Friday, March 24, 2006



Posted below is an article appearing in the Calgary Sun. The City of Calgary is considering scrapping their escort license. If they do this, where do they expect sex workers to go? Of course, sex trade workers would wind up on the street, which places them In Harms Way. I sure hope Vancouver doesn't chart this path. Its long overdue that all levels of government get a grip on reality. Prostitution has been with us forever and is not going away. Isn't it time we acknowlege this and properly manage our indoor and outdoor prostitution trade -- Jamie Lee

March 24, 2006

Escort law may get hook
Bylaw review comes after court says licence could sanction prostitution

Calgary's escort licence bylaw must be changed to ensure it is not misconstrued as a permit for prostitution, say city officials.

The bylaw overhaul follows a Crown decision not to appeal a recent court ruling which found the current rule too vague -- and Mayor Dave Bronconnier said it's now up to the city to clarify the escort licence, or get out of the business altogether.

"The law department is reviewing the bylaw right now -- it will then be up to city council whether we rewrite the bylaw to be consistent with the decision, or whether we leave it as it stands and see if there's another challenge," said Bronconnier, adding aldermen may choose to scrap the licence. "Maybe it's not even appropriate to keep it any longer at all."

Last month, a Queen's Bench judge cleared a man of 11 charges, saying the city licence issued to escort agency operator Douglas Eastaugh could be interpreted as a sanction to sell sex.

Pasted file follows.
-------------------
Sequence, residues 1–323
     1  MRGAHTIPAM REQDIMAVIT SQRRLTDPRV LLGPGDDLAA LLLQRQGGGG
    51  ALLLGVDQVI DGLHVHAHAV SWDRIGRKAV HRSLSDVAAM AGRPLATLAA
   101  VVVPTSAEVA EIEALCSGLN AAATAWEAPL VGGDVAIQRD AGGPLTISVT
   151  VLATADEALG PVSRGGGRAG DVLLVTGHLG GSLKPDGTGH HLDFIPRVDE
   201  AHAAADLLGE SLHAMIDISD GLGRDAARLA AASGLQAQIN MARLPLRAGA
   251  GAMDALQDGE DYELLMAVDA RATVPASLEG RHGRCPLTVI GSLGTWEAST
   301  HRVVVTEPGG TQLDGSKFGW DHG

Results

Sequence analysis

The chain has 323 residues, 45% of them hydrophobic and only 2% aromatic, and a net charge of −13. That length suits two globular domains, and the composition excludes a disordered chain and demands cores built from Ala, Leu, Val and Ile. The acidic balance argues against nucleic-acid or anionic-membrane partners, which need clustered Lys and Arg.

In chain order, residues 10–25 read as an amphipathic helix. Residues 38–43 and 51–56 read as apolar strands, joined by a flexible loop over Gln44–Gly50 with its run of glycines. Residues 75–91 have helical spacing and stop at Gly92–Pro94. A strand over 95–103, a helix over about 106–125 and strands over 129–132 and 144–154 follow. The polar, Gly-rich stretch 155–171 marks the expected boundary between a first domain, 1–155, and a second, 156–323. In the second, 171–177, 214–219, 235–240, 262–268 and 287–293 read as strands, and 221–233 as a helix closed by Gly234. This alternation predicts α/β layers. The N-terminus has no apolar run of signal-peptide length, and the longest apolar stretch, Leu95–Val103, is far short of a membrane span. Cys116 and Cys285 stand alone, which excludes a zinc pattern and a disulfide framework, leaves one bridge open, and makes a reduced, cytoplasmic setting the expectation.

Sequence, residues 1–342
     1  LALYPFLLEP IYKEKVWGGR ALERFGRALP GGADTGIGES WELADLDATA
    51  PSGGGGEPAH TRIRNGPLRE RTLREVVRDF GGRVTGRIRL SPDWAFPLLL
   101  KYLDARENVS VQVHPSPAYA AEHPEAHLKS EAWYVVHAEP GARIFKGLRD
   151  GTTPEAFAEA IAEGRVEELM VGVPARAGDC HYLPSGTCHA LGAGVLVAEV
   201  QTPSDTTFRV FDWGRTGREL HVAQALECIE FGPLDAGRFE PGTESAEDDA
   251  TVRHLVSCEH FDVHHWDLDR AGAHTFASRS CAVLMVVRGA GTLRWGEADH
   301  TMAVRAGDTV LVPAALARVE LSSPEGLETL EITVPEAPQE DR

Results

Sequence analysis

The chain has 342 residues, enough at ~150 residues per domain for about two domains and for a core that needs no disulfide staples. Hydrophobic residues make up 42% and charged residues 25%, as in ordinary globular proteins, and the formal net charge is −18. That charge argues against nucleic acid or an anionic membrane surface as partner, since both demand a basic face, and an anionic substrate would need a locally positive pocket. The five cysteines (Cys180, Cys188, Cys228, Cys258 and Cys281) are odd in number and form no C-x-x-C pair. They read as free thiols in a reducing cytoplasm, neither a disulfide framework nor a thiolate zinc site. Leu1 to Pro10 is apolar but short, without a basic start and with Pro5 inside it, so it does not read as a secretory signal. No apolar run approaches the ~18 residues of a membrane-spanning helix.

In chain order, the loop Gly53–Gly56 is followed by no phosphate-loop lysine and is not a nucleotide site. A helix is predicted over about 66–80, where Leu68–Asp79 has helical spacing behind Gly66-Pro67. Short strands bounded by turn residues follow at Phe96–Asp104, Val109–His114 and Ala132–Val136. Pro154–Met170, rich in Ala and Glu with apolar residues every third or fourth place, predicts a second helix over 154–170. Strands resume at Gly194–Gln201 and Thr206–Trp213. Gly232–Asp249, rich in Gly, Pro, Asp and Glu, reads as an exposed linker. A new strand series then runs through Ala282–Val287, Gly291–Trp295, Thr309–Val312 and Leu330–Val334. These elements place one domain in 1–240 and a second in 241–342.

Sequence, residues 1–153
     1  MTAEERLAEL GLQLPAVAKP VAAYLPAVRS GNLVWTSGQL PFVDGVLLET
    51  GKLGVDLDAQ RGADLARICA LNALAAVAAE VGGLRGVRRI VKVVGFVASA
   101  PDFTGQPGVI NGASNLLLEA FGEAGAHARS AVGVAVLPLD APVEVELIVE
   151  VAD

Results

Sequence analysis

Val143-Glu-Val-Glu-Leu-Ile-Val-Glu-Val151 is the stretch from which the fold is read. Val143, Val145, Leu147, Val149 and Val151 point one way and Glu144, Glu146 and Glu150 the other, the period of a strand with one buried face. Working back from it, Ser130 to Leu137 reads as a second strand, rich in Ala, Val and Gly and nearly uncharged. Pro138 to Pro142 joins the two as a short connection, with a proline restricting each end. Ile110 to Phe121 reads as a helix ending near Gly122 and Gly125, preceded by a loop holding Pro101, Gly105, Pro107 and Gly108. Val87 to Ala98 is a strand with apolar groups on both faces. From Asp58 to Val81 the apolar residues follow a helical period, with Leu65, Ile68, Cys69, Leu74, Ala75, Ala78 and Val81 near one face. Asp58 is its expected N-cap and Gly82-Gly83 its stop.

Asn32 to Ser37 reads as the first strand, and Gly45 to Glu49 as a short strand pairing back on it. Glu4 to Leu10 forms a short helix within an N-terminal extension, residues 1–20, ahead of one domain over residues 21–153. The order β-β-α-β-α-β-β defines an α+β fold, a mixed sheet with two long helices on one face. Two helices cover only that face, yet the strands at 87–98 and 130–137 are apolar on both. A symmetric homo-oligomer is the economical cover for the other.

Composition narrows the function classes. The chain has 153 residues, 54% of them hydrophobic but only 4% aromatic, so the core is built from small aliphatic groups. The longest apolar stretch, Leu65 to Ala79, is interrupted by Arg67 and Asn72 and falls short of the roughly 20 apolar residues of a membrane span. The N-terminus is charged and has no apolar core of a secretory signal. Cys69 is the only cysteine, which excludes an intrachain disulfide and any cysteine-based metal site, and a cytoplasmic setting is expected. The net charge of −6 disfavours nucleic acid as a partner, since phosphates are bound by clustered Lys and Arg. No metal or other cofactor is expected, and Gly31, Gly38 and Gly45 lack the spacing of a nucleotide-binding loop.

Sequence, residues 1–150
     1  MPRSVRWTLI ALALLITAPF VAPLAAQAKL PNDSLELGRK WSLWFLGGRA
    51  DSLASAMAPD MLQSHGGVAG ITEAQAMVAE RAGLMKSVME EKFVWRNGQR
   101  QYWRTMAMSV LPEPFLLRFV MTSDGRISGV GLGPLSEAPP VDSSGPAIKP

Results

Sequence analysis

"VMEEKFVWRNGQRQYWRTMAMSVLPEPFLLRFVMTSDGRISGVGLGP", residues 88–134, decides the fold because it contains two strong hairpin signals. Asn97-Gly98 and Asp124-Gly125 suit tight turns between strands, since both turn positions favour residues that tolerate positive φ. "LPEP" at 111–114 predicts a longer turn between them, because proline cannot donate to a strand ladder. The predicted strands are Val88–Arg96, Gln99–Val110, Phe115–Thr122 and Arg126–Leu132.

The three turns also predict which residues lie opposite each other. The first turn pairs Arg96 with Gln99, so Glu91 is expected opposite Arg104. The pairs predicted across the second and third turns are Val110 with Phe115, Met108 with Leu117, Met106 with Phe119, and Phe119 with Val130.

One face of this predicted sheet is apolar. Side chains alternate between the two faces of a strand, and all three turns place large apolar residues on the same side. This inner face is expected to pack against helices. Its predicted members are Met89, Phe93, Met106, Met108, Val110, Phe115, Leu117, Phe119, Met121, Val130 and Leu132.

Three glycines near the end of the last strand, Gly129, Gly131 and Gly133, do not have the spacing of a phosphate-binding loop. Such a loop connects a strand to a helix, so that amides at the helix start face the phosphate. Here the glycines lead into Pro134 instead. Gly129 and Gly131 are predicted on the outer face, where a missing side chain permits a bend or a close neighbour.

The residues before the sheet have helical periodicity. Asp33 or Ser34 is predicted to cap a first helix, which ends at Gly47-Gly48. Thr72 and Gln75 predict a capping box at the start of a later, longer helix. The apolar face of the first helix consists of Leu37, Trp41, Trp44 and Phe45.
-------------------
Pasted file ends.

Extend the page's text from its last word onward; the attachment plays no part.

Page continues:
The Crown's decision not to appeal places the existing city bylaw -- which is intended to help police monitor escort safety -- means future prostitution cases could be in jeopardy.

Ald. Diane Colley-Urquhart, chair of the city's License Appeal Board, wants a complete review of the escort licensing process, to determine whether the city should issue permits to the industry.

"I'm pleased that the Crown is not appealing the court decision -- now, once and for all, we need a sweeping bylaw review of this area," said Colley-Urquhart. "Licensing prostitution is not a business the city should be in."

The city currently licenses 11 escort agencies and roughly 100 escort-agency workers, collecting just under $50,000 a year, which is then spent on police inspections of the trade.

One suggestion being considered by city officials is a new clause in the current licence form, asking for a declaration of understanding from the application that the licence is not an endorsement of illegal activity.